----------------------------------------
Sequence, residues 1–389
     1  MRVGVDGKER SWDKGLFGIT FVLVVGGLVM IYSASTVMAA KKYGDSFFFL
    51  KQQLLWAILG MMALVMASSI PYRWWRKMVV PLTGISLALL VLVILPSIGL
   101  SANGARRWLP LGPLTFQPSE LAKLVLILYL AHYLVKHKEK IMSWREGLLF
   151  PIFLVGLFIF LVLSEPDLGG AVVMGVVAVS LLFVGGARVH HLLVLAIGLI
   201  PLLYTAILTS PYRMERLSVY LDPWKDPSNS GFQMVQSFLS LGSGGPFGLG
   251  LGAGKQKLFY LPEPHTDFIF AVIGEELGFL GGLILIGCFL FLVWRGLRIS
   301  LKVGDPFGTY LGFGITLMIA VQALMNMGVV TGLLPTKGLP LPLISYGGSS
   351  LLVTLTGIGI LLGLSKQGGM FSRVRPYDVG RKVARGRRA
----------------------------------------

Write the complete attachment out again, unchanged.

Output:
Sequence, residues 1–389
     1  MRVGVDGKER SWDKGLFGIT FVLVVGGLVM IYSASTVMAA KKYGDSFFFL
    51  KQQLLWAILG MMALVMASSI PYRWWRKMVV PLTGISLALL VLVILPSIGL
   101  SANGARRWLP LGPLTFQPSE LAKLVLILYL AHYLVKHKEK IMSWREGLLF
   151  PIFLVGLFIF LVLSEPDLGG AVVMGVVAVS LLFVGGARVH HLLVLAIGLI
   201  PLLYTAILTS PYRMERLSVY LDPWKDPSNS GFQMVQSFLS LGSGGPFGLG
   251  LGAGKQKLFY LPEPHTDFIF AVIGEELGFL GGLILIGCFL FLVWRGLRIS
   301  LKVGDPFGTY LGFGITLMIA VQALMNMGVV TGLLPTKGLP LPLISYGGSS
   351  LLVTLTGIGI LLGLSKQGGM FSRVRPYDVG RKVARGRRA